One evening when Laura came home, the new room was complete. Pa had brought the organ; it stood against the north wall by the door. It was a beautiful organ, of polished walnut, with a tall back. Its overhanging canopy of shining wood almost touched the ceiling. Beneath that, three perfect little mirrors of thick glass were set into the rich walnut, and on either side of the music rack was a solid shelf for a lamp. The slanting music rack was of open woodwork cut in scrolls and backed with red cloth. It lifted on hinges, and revealed behind it a storage space for songbooks. Beneath this, the long, smooth lid folded back into the organ, or unfolded and dropped down to cover the row of black and white keys. Above the keys was a row of stops, marked tremolo and forte and other names, that changed the tone of the organ when they were pulled out. Underneath the keys were two levers, that folded back against the organ, or opened out so that a player’s knees could work them. Pressed outward, they made the music louder. Just above the floor were two slanting pedals, covered with carpet, that a player’s feet must press down and let up, to pump the organ.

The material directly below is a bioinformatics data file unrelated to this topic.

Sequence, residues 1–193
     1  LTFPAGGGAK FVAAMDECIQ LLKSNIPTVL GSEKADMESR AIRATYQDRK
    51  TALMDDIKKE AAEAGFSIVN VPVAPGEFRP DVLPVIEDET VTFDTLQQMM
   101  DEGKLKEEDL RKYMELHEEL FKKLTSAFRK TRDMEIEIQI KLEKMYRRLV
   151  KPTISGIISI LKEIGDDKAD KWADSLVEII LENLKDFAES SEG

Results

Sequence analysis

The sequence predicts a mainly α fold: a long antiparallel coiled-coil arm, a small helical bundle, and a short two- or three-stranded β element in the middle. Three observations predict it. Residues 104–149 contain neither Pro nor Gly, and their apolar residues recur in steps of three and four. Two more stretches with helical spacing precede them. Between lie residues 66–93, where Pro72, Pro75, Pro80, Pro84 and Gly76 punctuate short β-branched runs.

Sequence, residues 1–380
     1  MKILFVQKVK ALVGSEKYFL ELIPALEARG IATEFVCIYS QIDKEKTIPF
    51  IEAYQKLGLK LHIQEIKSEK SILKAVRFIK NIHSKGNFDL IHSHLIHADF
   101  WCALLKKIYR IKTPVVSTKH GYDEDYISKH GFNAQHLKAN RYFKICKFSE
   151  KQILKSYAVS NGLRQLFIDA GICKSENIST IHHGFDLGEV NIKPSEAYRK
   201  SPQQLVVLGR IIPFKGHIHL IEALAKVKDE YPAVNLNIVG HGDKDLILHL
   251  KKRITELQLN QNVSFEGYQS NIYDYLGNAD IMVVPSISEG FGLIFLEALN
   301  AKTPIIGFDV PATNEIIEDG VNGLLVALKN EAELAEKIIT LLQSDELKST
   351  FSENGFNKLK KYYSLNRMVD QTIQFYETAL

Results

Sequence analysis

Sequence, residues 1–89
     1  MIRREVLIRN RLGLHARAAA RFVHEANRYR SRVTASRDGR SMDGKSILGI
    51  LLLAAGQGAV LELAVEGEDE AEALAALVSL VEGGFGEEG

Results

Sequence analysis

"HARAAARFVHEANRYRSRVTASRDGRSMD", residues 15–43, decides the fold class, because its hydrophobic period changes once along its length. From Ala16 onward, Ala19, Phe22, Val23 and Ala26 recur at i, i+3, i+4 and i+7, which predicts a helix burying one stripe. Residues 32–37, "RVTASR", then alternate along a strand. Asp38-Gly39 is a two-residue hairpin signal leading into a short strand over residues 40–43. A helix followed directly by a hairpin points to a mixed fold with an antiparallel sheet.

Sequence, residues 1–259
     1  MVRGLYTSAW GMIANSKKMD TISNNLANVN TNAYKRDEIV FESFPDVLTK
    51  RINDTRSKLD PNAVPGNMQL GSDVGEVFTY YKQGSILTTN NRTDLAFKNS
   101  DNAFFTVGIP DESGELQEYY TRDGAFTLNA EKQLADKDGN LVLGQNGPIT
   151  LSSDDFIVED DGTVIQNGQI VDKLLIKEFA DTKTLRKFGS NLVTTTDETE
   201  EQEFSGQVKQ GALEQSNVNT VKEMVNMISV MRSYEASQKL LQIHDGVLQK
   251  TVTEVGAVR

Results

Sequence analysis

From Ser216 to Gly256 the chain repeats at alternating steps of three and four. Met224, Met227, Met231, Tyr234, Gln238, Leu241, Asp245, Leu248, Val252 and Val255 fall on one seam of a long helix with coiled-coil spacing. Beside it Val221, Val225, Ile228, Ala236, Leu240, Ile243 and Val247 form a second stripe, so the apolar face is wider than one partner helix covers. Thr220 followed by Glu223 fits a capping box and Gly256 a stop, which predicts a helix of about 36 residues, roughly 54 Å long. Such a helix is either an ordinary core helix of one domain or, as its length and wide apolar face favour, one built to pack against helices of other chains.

With this beautiful organ, there was a walnut stool. It had a round top, standing on four curved legs. Grace was so excited about this stool that Laura could hardly look at the organ.

“Look, Laura, looky,” Grace said, and she sat on the stool and whirled. The top of the stool worked on a screw, and it rose or sank under Grace as she whirled.